Video: Save The Bait - Protect Menhaden in the Gulf of Mexico.
About Menhaden (Pogies)
Menhaden are a small, oily fish that play an extremely important role in the health of the Gulf of Mexico. Menhaden spend their short lives swimming in large schools filtering algae out of the water and converting it into their highly nutritious flesh. This provides a crucial link between the primary producers of energy --plants -- and the upper levels of the food chain, including red drum, sharks, dolphins, pelicans, and a host of other sea life that rely on menhaden.
Many anglers know menhaden by the name pogie, or more simply, bait. Few things work as well as menhaden to catch fish. What many people do not know is that the menhaden fishery is a big business; the second largest fishery in the United States. Two companies, Omega Protein and Daybrook Fisheries catch on average more than 1 billion pounds of menhaden in the Gulf of Mexico each year. The highly industrialized fishery uses planes to spot the fish and large factory boats with vacuums to suck up the fish from large encircling nets deployed by smaller boats. The industry never sells any of this fish at a local market as no one eats menhaden directly. All of these fish are "reduced" into products such as fishmeal and fish oil for animal feed and other industrial uses.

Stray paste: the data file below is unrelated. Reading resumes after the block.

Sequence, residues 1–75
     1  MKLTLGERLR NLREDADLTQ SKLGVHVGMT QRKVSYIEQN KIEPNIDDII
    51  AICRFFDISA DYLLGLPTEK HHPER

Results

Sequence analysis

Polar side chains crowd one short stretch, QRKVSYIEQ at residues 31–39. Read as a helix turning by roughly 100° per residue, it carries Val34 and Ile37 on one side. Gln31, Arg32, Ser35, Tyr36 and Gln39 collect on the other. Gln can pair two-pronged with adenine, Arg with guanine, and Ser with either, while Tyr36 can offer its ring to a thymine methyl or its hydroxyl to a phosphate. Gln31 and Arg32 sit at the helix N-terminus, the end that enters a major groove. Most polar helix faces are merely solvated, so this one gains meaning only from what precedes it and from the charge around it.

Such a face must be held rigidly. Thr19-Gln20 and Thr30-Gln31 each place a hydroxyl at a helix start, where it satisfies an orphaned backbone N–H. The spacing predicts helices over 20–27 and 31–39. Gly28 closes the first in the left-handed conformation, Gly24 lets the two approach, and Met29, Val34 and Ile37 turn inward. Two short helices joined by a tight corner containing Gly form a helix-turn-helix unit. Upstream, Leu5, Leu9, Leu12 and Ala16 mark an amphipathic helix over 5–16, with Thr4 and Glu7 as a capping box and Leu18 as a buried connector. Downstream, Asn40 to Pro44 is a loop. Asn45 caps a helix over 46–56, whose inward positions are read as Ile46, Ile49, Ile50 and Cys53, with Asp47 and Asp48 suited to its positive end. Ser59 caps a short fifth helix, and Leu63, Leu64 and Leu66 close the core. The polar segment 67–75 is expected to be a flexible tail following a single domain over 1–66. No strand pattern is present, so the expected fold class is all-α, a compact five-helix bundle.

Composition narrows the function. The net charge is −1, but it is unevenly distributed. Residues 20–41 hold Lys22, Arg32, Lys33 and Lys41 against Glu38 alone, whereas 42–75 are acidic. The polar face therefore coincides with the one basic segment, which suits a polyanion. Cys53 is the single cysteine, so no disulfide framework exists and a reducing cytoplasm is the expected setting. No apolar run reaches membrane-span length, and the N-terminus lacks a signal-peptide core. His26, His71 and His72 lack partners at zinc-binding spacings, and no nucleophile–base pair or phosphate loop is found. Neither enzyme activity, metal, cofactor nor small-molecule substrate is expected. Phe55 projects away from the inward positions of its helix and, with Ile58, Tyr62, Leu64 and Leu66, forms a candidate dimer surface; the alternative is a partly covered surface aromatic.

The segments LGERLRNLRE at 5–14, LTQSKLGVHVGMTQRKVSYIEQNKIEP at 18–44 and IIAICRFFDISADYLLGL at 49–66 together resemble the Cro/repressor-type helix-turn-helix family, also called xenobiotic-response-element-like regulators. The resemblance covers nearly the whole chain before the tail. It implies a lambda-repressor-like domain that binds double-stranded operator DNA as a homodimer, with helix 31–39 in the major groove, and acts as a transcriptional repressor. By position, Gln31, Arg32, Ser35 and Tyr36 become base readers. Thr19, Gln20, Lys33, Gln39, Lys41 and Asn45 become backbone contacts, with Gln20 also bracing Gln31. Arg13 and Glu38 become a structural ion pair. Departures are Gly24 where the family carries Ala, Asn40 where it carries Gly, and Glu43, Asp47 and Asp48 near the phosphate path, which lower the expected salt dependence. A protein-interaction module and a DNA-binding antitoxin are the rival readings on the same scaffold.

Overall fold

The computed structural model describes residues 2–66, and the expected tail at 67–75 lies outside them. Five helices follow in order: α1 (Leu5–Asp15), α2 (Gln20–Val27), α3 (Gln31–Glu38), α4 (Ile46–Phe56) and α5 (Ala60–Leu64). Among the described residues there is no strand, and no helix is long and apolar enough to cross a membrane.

Wasted Sea life
In addition to the 1 billion pounds of menhaden caught by the industry, the industry also catches and kills an estimated 10 million pounds of sea life. Because the industry does not have observers on board their boats, the species composition of the inadvertent killing (bycatch) is unknown. It is extremely important to find out if the industry is killing sport fish such as red drum, or highly depleted species such as dusky sharks.
Government and anglers have done too much work to protect marine wildlife for one industry made up of two companies to deplete important species.
Texas Takes the Lead
The Texas Parks and Wildlife Commission recognizes the importance of menhaden and capped the amount caught in Texas state waters in 2008. The cap is a step in the right direction, but more needs to be done to ensure that menhaden stay abundant and fulfill their role in the ecosystem.
Unfortunately, the menhaden industry is allowed to operate in other Gulf states - like Louisiana and Mississippi - without any catch limits and few commonsense controls on how they operate. Current management measures are outdated and do not take into account the needs of predators and the important role that menhaden play as filter feeders. Science-based catch limits should be established that leave enough menhaden in the water to help keep the water clean and feed Gulf menhaden predators.
Fishery managers also need to mandate that menhaden boats carry observers. These industry funded, government-trained and employed observers can quantify the amount of wasted sea life and its species composition. With this new data, fishery managers can make sure the proper gear is being used to reduce bycatch and close areas to fishing to keep protected and important species from being caught.